וְאַתָּה תְּצַוֶּה אֶת בְּנֵי יִשְׂרָאֵל וְיִקְחוּ אֵלֶיךָ שֶׁמֶן זַיִת זָךְ כָּתִית לַמָּאוֹר לְהַעֲלֹת נֵר תָּמִיד And you shall command the Children of Israel, and they shall take to you pure olive oil, crushed for lighting, to kindle the lamps continually. Exodus 27:20
The word eleicha, “to you,” seems unnecessary. Why not just say, “They shall take pure olive oil…”? (1) This is the Torah hinting to us of the benefit in joining with a tzaddik — for there is benefit for not only the God-fearing people who join with him but for the tzaddik as well (2). For when people travel to him they bring in their hearts a sort of arousal (3), in that they want to truly serve God, but they don’t know what advice to offer their own souls, so they come to the tzaddik to hear God’s Torah and advice; and this arousal brings to the tzaddik a great holiness from the Creator, Blessed Be He, in the form of new insights and understandings of the Torah, good advice and effective practices in how to serve God, each one befitting the person who asks. This is of benefit to the people, in that they receive this holy advice, and to the tzaddik, in that the holy One of Blessing pours out these insights through the people.
Let’s return to the verse above. Command the Children of Israel means that the leading tzaddik of the generation commands the Jews how to serve God through the holy Torah; but the root tzav (“command”) also means connection or joining, so the tzaddik must join himself to the other Jews, to be with them as one. The pure olive oil hints at the heavenly wisdom that they take to him. Olives are bitter, and the people come to him in bitterness and sorrow, asking for advice. The Torah specifies that the olive oil should be crushed, because they come with broken hearts, and when the tzaddik hears them his heart too is crushed within him. He thinks to himself, “These upright and righteous people come to me to hear advice for their souls on how to serve God, and I myself need to hear advice for my own soul, for I don’t know how to truly serve God! ” It is the way of the tzaddik to have a broken heart always, but when these upright people come to him, it breaks his heart even more. But it is written, crushed for lighting, for it is through joining in bitterness and brokenness of heart that they are able to receive the heavenly light. And the verse continues, to kindle the light continually, for then the tzaddik is able to unify and kindle the souls of the Children of Israel, to bring them closer to the Creator, Blessed be He and Blessed be His Name.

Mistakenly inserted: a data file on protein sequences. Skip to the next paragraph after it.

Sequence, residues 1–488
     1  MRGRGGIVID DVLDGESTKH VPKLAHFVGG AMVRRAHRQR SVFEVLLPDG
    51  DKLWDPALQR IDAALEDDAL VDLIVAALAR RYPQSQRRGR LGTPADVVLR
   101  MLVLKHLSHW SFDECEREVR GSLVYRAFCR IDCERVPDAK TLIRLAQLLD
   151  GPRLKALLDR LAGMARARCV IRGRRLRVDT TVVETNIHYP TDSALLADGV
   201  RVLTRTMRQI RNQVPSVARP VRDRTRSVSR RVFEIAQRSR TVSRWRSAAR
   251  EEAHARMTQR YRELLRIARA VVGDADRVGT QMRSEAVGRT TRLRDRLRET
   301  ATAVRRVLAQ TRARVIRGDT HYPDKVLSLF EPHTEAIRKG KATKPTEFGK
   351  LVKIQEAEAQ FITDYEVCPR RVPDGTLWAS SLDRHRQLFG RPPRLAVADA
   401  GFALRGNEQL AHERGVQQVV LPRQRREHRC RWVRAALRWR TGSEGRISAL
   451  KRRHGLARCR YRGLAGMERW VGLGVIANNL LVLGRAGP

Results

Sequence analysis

1) After all, Aaron and his sons will set up the menorah. Why does the Torah require this extra step of having the oil brought to Moses? 2) Tzaddik literally means “righteous person,” but of course in this context it means the rebbe. I like to read it both ways. 3) The word, which could also be translated as “awakening,” is common in Hasidic and mystical discourse.
When I learn hasidut I try to apply it to our modern, not-necessarily-orthodox and most-likely-not-Hasidic selves. Sometimes this is not as easy as others, and the issue of the tzaddik, the rebbe, can be particularly difficult, since very few of us have a spiritual mentor to whom we are so close and, if we do, we probably don’t see him or her in the way that hasidim saw their tzaddik. So I was thrilled to find this teaching, and from none other than the Maor VaShamesh, a disciple and chosen successor (though he refused the honor) to Elimelekh of Lizhensk, the rebbe most responsible for taking the idea of the Tzaddik to an almost super-human level. I find it applicable not only to our modern leader-led relationships, but to any relationship. If we want to serve God fully, the Maor VaShamesh tells us, we have to come down from whatever height we imagine ourselves to be on, to be heartbroken at the sight of the world’s suffering and our own failures to ease it, and be ready to have our hearts broken again and again at each encounter with someone in pain. This brokenness is what releases God’s light into the world, and it is what makes someone a tzaddik, a righteous person. Any of us can become that person, and we have countless chances to do so, every day.